-biking, walking through San Francisco, and not even in Japantown or Castro, adds to the festival experience. It’s an angular city. It’s a film in the making.
When I went to boarding school in Pennsylvania, I used to visit my sister a lot at her college in West Philly, the Tenderloin of Philadelphia. Philly is a gritty place; the restaurant scene and the city’s long history are juxtaposed with the fanatic fan base of Philly sports and rough neighborhoods. San Francisco is no less a fighter, but she also has a sassy kick.
H.P. Mendoza’s FRUIT FLY expresses that musically, wonderfully. Watching it in the Castro Theatre, besides Harvey Milk Plaza, a few doors down from penis cookies, all in all captivating. Either Castro was filled with H.P.’s friends on Sunday night, or everyone became his friends by the time “Gay, gay, gay, gay!” was sung at the end. The audience reacted to a film, albeit a musical, as if they were at the latest U2 live concert.
I didn’t think the film had a large budget, but I couldn’t tell it had a very small one either (or that it was filmed in three weeks). One member of the crew mentioned that H.P.’s apartment was five different locations in FRUIT FLY. The film is filled with sparing, outrageous and searing wit. On a beautiful, sunlit San Franciscan afternoon, L.A. Renigen sits on a bench in the rolling greens of a park, a bit perplexed and about to contemplate. “Dirty Judy,” a largely absent housemate, suddenly sits down beside her and goes on a tirade about the “dick of a building” that blocks her view of the Golden Gate Bridge. San Francisco is not New York. In another scene, BART becomes Broadway. Time and time again, H.P. Mendoza takes shots of daily urban life and injects a kick of pure, sassy San Francisco into them.
The film’s storyline wasn’t overly ambitious either, capturing only a slice of Bethesda’s (L.A. Renigen) life and her quest for a complete identity. Along this juncture of her life are her housemates, Gaz Howard (a sly, self-celebrating magician/artist) and a Filipino aunt who makes overseas calls at ungodly early hours. By the end of the film *spoiler spoiler spoiler*,- Bethesda neither finds her mother nor is able to find a venue for the performance art piece that she performed in the Philippines. She doesn’t even find a beau to settle down with (Gaz fizzles out). While she doesn’t project her voice, she does lend a voice to Jacob, the frustrated 17 year-old who ran away from home and stays without rent, appearing in a slightly Gothic rock concert at an open mike with him.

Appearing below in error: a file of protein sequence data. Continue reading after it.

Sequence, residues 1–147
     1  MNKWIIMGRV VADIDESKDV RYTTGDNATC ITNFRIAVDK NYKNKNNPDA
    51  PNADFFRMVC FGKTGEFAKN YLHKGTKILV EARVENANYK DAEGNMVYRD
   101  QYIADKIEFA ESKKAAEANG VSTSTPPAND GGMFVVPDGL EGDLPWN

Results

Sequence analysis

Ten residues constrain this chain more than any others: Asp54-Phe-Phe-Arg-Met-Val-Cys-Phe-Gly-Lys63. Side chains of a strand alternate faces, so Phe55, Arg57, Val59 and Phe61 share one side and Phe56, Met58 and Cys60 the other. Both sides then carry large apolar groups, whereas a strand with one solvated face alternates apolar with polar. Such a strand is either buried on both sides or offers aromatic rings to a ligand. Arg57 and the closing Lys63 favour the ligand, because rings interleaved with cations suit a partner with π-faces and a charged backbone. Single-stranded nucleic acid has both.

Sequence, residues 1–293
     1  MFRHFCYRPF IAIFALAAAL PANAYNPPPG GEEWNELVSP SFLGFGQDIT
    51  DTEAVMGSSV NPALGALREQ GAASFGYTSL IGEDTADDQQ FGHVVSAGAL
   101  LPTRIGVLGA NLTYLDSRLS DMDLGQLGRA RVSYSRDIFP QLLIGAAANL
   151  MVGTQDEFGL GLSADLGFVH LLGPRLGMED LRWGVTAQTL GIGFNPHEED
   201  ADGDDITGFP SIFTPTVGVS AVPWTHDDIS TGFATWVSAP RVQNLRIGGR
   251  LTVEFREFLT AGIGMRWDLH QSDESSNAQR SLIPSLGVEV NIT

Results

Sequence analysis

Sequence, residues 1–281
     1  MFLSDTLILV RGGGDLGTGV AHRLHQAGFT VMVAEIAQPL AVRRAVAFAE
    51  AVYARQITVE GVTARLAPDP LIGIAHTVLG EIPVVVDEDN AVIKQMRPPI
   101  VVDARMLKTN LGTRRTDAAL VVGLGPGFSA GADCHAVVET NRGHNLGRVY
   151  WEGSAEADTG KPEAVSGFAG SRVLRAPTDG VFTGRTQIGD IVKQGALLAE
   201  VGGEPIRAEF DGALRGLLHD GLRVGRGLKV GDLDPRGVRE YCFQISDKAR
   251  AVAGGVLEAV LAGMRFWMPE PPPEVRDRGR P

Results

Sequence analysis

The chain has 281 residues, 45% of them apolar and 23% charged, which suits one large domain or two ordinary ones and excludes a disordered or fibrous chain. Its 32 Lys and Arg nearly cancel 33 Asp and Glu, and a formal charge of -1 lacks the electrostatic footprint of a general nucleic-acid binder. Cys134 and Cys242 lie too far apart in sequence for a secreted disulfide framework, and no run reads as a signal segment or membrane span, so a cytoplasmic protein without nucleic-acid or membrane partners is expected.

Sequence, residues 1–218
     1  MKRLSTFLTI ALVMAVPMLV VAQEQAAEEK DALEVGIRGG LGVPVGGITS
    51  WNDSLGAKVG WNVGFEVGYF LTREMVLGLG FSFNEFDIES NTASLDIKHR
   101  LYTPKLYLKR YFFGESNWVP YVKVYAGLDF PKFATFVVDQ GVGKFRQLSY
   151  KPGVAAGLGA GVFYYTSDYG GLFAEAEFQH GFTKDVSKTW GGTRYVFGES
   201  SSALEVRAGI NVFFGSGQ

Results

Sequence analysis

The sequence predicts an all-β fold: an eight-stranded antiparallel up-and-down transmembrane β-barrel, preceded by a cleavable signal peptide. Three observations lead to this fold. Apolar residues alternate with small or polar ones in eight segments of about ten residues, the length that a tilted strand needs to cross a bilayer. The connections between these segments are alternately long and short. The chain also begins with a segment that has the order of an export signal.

Such brooding teenage angst is almost diametrically opposite to Bethesda’s performance piece. Not to say that her piece has no angst, but its emotional content is expressed with much more control and sophistication. Unable to resolve the heady identity crisis that weighs her down for most of the film, Bethesda goes along with one of the film’s songs, “workshop it baby, it’s my life, I’m trying something else.” A wisely simple approach to an identity crisis.
That brings me to Lee Ki-yoon’s MY DEAR ENEMY, a film that breathes simplicity in a very different way. For much of the film, simplicity carries itself with heaviness. You know that brief moment between breathing in and breathing out? It’s a short and tense interlude that we often forget. MY DEAR ENEMY spends most of its life living in that moment between inhaling and exhaling.
The film covers one day, one city, one car (mostly) and two people. It forces an uncomfortably specific zoom and packs in a couple casual contradictions. Cho Byung-woon is homeless and broke, and it doesn’t seem to affect him at all. Hee-su barely speaks and yet you wait somewhat scared but impatiently for a smile to break on her lips. The frugal dialogue is a string of rhetorical questions never quite answered. On foot, in a car, in a bus and in the subway, the couple navigates one of the world’s most bustling metropolises and in one way or another, make up along the way. As Lee Ki-Yoon explains in the Q&A session, he wanted to portray a more hostile physical environment that gradually warms as Hee-su’s emotionally softens; as Hee-su “humanizes,” the city does as well.
I’m not quite sure that the end brought me to an exhale. But that awkward feeling of the lingering middle brings healthy skepticism. It pauses life and awakens curiosity. Like FRUIT FLY, it takes a break from the continuous, heavy internal monologue that dominates our days and lays fresh, hopeful eyes on the present moment. What lies there, -what lies beyond our mind and within us?
L.V. Luong (in the admiring shadows of H.P. Mendoza and L.A. Renigen)